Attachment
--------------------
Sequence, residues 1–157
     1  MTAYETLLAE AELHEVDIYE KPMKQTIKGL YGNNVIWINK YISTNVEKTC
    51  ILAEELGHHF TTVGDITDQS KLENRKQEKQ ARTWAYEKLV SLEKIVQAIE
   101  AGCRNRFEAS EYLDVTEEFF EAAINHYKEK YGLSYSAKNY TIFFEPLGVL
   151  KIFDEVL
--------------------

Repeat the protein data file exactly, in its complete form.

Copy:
Sequence, residues 1–157
     1  MTAYETLLAE AELHEVDIYE KPMKQTIKGL YGNNVIWINK YISTNVEKTC
    51  ILAEELGHHF TTVGDITDQS KLENRKQEKQ ARTWAYEKLV SLEKIVQAIE
   101  AGCRNRFEAS EYLDVTEEFF EAAINHYKEK YGLSYSAKNY TIFFEPLGVL
   151  KIFDEVL